Designing a Safe and Reliable Electrical Maintenance Program
The critical importance of power to every aspect of our world cannot be overexaggerated. It must be generated and distributed effectively to end users, and any disruption in that process means loss of operations, money and, in extreme cases, life. Therefore, the reliability of power creation and distribution must be continually safeguarded and improved. This doesn’t happen by chance or through reactionary maintenance tasks; rather, it must be focused on from the early design stages and continue through the life of the assets tasked with these functions.
Adopting a “Monitor, Inspect and Manage” approach is a proactive way to avoid the concerns at hand by maximizing the value of workforce time and skill. Scalability is no longer an issue when, instead of needing to go through the time and cost of expanding their workforce, an organization can apply the technologies at whatever volume is needed. These reliability technologies should be specified with the engineer and OEM at the initial design/build stage but can also be retrofitted into existing equipment through a simple and inexpensive process.
With the use of a wireless monitoring system on transformers and throughout substation electrical equipment, asset conditions can be continually collected, trended and assessed. Monitors feed data through a gateway to software and apps, allowing the information to be continually accessed from workstations and mobile devices.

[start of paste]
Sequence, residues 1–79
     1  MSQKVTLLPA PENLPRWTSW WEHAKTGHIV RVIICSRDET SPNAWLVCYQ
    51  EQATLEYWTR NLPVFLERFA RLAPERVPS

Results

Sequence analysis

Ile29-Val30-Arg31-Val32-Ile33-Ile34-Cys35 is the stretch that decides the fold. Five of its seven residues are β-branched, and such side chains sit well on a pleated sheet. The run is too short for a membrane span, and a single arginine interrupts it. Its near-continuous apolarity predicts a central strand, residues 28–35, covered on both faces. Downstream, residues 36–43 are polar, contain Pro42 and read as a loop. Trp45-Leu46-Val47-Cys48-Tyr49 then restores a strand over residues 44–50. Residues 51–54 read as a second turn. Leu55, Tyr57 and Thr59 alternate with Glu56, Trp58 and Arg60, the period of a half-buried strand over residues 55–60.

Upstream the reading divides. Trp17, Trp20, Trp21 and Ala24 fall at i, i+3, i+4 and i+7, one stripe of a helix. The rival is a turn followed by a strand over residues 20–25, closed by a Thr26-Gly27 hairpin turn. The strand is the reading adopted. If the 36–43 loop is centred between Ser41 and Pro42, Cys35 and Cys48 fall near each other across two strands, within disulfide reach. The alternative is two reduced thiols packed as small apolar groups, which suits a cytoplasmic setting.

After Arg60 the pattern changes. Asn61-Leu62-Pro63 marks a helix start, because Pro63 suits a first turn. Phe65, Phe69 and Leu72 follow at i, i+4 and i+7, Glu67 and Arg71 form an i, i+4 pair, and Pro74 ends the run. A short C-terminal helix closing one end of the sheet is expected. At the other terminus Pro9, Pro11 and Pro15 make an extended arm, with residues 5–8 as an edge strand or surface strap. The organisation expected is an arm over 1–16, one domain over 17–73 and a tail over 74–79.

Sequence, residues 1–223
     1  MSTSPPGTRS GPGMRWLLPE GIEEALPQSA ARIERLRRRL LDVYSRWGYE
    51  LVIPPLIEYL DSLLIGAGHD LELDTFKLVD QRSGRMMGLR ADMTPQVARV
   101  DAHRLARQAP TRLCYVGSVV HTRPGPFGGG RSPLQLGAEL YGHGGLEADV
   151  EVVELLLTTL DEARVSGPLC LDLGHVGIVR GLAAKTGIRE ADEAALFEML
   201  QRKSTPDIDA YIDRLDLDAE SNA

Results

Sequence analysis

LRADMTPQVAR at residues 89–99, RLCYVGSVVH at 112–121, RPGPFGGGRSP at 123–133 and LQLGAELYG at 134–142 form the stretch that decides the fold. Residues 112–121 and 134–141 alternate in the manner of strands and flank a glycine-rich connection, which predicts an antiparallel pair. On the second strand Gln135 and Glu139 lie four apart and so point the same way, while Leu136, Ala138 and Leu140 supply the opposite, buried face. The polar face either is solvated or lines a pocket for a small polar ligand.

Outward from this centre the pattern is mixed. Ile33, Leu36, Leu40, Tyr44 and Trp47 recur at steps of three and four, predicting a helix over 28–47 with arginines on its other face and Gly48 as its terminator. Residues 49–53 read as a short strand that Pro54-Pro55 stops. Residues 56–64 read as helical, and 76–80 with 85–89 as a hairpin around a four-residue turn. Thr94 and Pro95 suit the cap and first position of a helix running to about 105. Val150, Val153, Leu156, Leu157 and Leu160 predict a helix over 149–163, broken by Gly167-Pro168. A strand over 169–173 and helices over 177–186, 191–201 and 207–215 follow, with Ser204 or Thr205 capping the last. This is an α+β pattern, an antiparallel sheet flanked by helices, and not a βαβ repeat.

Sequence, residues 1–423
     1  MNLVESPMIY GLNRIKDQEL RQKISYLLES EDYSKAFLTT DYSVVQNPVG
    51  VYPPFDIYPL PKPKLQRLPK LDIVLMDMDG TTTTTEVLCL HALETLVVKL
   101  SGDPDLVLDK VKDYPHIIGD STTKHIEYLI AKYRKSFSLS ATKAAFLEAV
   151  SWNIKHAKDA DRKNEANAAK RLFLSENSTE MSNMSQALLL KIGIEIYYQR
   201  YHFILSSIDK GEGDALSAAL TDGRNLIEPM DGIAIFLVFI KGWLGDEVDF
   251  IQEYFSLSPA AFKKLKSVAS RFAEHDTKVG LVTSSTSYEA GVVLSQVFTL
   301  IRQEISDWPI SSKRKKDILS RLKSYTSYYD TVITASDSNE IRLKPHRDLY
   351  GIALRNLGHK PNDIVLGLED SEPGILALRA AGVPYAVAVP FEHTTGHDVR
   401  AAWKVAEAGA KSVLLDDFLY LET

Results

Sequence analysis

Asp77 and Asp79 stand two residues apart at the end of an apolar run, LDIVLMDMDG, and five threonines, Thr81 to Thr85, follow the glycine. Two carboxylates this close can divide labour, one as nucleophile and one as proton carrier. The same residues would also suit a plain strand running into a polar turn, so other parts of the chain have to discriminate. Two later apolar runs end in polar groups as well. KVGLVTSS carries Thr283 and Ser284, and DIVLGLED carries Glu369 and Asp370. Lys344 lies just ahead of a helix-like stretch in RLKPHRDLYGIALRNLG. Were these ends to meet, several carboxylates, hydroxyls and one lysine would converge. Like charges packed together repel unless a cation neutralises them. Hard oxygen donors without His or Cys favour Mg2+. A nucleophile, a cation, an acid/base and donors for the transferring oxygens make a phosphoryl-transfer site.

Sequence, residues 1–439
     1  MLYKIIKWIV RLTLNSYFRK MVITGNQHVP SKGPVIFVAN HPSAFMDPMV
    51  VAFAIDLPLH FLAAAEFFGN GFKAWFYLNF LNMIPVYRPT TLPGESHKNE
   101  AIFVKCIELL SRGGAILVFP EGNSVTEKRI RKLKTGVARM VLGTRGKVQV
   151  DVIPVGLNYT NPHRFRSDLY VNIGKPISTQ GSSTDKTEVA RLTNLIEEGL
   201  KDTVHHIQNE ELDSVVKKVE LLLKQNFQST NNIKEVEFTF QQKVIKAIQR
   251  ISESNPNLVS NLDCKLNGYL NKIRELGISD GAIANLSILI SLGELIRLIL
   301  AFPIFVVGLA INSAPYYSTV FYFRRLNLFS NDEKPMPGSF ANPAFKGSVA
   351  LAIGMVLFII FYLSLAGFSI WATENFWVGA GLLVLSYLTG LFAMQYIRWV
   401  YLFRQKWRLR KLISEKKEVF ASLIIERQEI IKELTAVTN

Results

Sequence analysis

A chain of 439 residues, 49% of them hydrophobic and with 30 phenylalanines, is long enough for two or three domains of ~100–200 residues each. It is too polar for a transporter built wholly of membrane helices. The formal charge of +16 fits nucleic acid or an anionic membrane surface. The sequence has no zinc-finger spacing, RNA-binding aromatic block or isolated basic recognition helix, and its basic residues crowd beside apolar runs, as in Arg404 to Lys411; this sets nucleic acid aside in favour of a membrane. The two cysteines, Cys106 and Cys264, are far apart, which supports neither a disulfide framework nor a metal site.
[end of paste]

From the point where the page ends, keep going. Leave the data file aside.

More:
When the new equipment arrives from the manufacturer with these monitors built in, customized parameters can be set for the specific operating and environmental conditions the asset is exposed to that will keep it within a “safe zone” to maximize functional reliability. When the asset condition data exceeds the custom parameters, alarms can notify electrical technicians of a possible issue that may require inspection. Keeping human interaction with equipment to only instances when inspection of possible faults is deemed necessary not only minimizes risk to workers but eliminates the human error threat to asset functionality.
Once the wireless monitoring system notifies technicians of a possible issue with a transformer or other piece of electrical equipment, the use of pre-installed inspection windows on the asset allows for a safe, efficient method of inspecting and assessing any possible issue during an energized condition. Once solely designed for thermographic inspections using infrared cameras, advancements in manufacturing have led to the inclusion of ports that also allow for ultrasound technologies to be incorporated into the inspection. Visual, infrared and ultrasound inspections can be done simultaneously by a single employee.